This week I am headed down to Moscow Idaho for the Wordsmithy writer’s workshop at New St. Andrews College. One of the homework assignments was to reflect on the influence of C. S. Lewis on my life so far.
To my great regret my personal acquaintance with the actual writings of C.S. Lewis are limited. Until now I have had the illusion that I knew him well because I have been surrounded by quotes and conversations about him all the time, I was well versed in him myself. Nevertheless, I do feel that the limited exposure to him that I have had has had a very important place in my growth as a christian and a thinker.
During my early years in college I came to a time where I was really searching for a credible foundation for the things I believed. I was taking numerous classes which we actively challenging my christian worldview and I was surrounded by a bunch of young people who thought they had it all figured out because they learned the exquisite art of doubt. Philosophy classes were filled with conversations where any idiot with half a brain was given the freedom to say what they thought and feel smart about it, or to finish off with, “No one really knows.”
I needed real answers. Did my christian convictions line up to the “scrutiny”(if you could call it that) of the surrounding world? During this time I sought the input of a variety of history’s thinking christians, one of which was C. S. Lewis. The first work I turned to was his Mere Christianity.
Much can be said about Lewis’ writing that is good. But I think for me, the most accurate way to put it is that I found him incredibly effective. There were a couple of reasons why I think this is so. First of all, he spoke with a vivd clarity. In his works, complex ideas would come to life and clearly show their bright relevance. Thus, one could see a very clear line of reasoning, weave through his arguments like a thick cord. Secondly, he spoke with an honest objectivity. He did not allow himself to get entangled in intricate details and forget the overall picture. Some questions he did not have a full answer for. Yet at these moments he was able to turn to his audience and critics to hear their answers. Yet he did this only then to demonstrate that their answers were even less complete than his. This gave him a stance as a writer who was not “coming at” his readers, but rather coming alongside them. It puts author and audience all on one path in the quest for answers. This extinguishes the air of hostility and breeds an atmosphere of companionship, making him easy to listen and relate to.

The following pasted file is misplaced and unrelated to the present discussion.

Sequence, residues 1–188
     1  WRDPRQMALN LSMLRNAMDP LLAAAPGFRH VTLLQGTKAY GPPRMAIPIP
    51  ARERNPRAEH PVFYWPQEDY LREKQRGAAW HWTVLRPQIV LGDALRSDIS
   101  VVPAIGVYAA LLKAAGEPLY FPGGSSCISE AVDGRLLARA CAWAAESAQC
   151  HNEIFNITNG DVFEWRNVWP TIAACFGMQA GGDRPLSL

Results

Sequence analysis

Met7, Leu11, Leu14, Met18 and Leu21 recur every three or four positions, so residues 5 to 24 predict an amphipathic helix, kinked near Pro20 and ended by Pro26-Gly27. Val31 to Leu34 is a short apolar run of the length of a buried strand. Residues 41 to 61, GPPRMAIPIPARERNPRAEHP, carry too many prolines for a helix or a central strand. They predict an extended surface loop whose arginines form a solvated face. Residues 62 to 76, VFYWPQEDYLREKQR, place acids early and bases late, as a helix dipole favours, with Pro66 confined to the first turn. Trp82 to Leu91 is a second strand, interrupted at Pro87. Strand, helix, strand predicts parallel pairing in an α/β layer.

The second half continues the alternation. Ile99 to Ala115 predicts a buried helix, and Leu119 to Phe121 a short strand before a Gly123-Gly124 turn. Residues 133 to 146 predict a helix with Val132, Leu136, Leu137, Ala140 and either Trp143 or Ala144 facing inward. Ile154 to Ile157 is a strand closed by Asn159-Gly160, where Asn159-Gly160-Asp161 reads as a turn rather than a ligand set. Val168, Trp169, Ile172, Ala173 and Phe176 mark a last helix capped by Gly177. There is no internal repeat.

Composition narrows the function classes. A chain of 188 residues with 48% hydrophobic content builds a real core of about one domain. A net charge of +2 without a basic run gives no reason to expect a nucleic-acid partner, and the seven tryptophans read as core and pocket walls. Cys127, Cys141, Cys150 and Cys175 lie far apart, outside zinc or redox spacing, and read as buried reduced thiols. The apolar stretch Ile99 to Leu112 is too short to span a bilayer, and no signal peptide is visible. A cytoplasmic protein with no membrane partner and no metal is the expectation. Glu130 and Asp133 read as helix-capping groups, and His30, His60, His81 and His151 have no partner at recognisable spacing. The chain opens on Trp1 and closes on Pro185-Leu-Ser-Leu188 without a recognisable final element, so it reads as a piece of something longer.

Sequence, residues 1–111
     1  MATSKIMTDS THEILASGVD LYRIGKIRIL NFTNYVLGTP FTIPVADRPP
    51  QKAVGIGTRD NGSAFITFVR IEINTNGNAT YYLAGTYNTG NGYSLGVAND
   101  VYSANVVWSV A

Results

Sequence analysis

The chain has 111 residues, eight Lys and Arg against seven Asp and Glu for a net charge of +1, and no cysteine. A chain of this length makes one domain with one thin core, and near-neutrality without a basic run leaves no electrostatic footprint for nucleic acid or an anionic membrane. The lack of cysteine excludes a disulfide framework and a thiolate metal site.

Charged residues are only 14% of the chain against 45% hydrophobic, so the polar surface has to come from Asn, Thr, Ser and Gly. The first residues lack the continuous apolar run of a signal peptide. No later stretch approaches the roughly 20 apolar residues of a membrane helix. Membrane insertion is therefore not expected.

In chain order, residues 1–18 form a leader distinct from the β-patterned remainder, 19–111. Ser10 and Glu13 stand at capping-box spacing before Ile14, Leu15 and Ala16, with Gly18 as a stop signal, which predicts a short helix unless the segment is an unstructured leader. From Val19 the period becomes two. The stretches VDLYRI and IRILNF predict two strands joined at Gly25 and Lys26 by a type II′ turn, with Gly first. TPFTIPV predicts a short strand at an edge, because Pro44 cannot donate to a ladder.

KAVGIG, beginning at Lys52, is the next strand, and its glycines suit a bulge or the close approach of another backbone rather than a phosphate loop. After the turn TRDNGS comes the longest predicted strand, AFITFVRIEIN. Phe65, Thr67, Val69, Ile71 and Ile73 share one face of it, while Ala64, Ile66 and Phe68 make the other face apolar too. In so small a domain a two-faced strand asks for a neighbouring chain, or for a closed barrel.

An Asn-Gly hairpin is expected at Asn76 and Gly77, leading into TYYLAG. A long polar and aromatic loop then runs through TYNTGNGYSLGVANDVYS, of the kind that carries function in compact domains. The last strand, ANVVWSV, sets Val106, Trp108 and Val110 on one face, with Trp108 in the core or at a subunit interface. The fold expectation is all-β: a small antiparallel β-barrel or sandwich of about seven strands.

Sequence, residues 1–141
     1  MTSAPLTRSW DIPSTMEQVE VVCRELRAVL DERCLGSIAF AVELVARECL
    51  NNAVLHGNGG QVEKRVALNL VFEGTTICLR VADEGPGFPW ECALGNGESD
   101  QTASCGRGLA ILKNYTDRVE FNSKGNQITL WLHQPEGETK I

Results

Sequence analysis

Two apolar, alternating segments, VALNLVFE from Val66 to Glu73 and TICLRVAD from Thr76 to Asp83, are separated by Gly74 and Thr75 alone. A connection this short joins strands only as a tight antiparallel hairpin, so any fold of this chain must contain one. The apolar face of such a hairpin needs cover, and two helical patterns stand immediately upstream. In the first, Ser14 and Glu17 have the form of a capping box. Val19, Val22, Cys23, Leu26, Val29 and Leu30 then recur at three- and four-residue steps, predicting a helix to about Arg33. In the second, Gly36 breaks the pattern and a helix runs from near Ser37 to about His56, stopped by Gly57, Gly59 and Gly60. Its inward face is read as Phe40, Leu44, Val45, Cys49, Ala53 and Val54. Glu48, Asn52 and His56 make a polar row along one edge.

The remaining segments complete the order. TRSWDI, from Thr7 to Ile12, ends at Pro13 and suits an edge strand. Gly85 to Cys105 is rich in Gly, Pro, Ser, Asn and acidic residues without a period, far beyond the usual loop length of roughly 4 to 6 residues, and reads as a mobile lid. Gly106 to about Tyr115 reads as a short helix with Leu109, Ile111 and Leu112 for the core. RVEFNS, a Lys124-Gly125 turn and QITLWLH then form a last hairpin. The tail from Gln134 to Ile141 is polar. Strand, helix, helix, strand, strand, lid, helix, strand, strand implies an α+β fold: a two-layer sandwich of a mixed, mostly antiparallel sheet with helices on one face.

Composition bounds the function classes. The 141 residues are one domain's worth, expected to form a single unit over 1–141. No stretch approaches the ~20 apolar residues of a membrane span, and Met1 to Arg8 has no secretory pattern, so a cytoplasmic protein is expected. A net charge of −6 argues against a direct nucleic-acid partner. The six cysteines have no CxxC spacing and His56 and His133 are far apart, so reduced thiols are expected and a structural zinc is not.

My major takeaway from that read was the realization that, we christians have a set of answers that is much more powerful than we think. We mustn’t allow the world to direct our perspective of our own worldview. Much too often christians are driven by the loud voices around to be embarrassed of the things they believe. What is more, we do this without actually examining the claims made against us. Everyone says so, so they must be right, right? Additionally, I saw the power of tone and stance in his writings. It is critically important how we choose our words. In a world that is literally drowning in words and ideas, we must more than ever consider our approach. There is no use in being right if your words don’t carry a permeating saltiness that irresistibly impacts its surroundings. If you are going to speak out you might as well do so in a way that will be heard.
As I reflect on the impact of one book on my thinking I come to see one fact: I want more. I want to be challenged and chiseled all the more by the men who have challenged and chiseled the course of history. I want to take my place as a voice among them, however small it may seem.